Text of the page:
The government shutdown in the United States and the prospect of a U.S. debt default are dominating the discussion in financial markets.
ISI vice chairman Krishna Guha warns, however, that investors shouldn’t forget about the German Constitutional Court, which is expected to rule on the legality of the European Central Bank’s program of “Outright Monetary Transactions” (OMT) later this month — a policy tool that is said to have brought calm to eurozone (and thus global) markets since the summer of 2012.
“We view the upcoming ruling from the German Constitutional Court on the ECB’s OMT program as a bigger tail risk than U.S. government shutdown or default,” says Guha in a note to clients. “While the probability of an adverse ruling is low — in the region of 5-10 per cent — the cost of such a ruling for the eurozone and global asset markets would be extremely severe.”
Guha says a ruling against OMT would bring “redenomination risk” back to eurozone assets — the premium investors demand to protect themselves against the risk that peripheral eurozone sovereign bond markets blow up and countries exit the euro.
“With the return of redenomination risk, the tentative and partial revival of private sector cross-border financial flows in Europe would swing into reverse,” says Guha. “The massive loss of wealth and further constriction of credit supply in the periphery would push these nations back into deep recession. And in this setting, the trigger for fatal, self-fulfilling runs could emerge, whether in the form of political upheavals, bank failures or other endogenous disruptions.”
So, what are the odds that the German Constitutional Court rules against OMT?
Guha lays out three possible scenarios:
- Our baseline scenario is represented by a “yes, provided that…” the court would find OMT in compliance of German basic law, but probably with some token requirements, such as updating the Bundestag about the impact of the program should it ever be activated. These largely symbolic conditions would have little or no impact on the functioning of the program. This would be welcomed by the markets and eliminate a non-trivial source of tail risk. We rate this as a very likely outcome, with a probability of around 70-75 per cent.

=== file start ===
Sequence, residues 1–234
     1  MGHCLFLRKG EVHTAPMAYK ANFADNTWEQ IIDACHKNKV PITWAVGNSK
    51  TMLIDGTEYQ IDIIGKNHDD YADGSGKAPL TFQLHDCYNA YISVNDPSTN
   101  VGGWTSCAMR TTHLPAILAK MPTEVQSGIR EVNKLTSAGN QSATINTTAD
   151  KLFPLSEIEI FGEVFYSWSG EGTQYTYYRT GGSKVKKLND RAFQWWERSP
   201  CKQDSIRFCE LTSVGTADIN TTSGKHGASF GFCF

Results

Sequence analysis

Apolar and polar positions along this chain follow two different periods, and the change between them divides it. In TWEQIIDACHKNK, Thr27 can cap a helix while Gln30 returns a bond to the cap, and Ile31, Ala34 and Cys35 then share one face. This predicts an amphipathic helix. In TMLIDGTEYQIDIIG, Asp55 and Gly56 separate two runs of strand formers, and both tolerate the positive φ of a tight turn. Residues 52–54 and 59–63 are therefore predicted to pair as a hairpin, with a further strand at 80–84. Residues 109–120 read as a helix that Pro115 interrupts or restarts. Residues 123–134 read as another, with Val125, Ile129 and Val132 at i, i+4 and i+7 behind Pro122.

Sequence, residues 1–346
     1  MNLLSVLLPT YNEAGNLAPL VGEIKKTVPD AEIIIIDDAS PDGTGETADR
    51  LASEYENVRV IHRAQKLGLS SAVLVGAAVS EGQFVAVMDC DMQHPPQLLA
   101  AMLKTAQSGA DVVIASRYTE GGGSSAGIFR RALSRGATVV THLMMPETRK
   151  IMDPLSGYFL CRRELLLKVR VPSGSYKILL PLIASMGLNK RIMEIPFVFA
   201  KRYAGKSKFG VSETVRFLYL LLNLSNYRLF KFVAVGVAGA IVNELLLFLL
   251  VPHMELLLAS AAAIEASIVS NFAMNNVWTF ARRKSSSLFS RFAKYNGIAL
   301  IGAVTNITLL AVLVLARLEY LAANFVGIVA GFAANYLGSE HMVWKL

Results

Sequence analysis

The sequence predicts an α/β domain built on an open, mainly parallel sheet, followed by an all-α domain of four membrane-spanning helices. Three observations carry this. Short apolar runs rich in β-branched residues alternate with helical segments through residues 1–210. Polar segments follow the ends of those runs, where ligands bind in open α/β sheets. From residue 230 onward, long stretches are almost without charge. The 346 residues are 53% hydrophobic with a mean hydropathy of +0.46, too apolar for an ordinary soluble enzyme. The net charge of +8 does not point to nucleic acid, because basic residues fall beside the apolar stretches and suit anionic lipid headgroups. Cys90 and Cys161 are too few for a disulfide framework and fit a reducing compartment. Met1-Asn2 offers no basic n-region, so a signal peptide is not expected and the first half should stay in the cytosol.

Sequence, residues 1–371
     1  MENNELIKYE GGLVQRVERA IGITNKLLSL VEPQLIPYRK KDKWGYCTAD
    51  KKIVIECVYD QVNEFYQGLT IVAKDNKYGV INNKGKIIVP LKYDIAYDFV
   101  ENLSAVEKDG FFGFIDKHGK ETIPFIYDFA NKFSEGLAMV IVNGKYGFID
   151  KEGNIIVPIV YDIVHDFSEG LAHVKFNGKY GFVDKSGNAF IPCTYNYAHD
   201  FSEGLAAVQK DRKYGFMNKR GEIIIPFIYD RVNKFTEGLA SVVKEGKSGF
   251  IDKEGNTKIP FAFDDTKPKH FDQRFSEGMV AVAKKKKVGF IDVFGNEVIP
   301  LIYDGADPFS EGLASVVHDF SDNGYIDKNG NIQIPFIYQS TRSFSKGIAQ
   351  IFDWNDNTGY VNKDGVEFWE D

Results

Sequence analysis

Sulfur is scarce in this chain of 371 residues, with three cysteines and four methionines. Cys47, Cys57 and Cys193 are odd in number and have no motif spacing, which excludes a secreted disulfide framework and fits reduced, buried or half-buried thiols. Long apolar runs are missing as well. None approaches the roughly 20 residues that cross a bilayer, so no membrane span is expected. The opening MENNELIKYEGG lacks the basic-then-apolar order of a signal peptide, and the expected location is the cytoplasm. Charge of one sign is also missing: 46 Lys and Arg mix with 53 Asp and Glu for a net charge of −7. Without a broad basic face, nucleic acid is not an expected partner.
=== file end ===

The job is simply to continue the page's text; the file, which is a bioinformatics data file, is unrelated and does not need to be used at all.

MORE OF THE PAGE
- The risk case is that the Court finds the OMT as presently structured in violation of German basic law, or imposes conditions that cannot be met without substantially weakening the program or creating different legal problems. Such a ruling would stop German institutions including the Bundesbank from participating in the OMT at least until it was restructured in a way that brought it into compliance with German constitutional law. Such an outcome would have serious effects on a variety of asset classes. We assign this outcome a low, but troublingly non-trivial probability of 5-10 per cent.
- Finally, the German high court could postpone judgment on the OMT and refer the case to the European Court Of Justice to rule on the legality of the OMT under European law before it rules on whether the OMT is constitutional under German law. This would constitute an interesting precedent. The German constitutional court has never taken such a decision before. Countries that are exiting full bailout programs in 2014, are currently expected to apply for a precautionary credit line and could potentially benefit from OMT, such as Portugal, could come under renewed scrutiny. However, the ECJ would be careful not to jeopardize the eurozone and would almost certainly find OMT in compliance with existing European law. Conditional on going down this path, it is very likely that the German Constitutional Court would subsequently find the OMT constitutional under German law. We rate the probability of referral at 20 per cent.
“Our probability of 5-10 per cent on the risk case is probably somewhat higher than consensus,” says Guha. “We get there not because we think there is a sizeable chance that the German Constitutional Court will deliberately torpedo the program, but because it will be difficult for the Court (made up of lawyers not economists) to judge which of the conditions it might require to bring the program into compliance with German law would jeopardize its effectiveness.”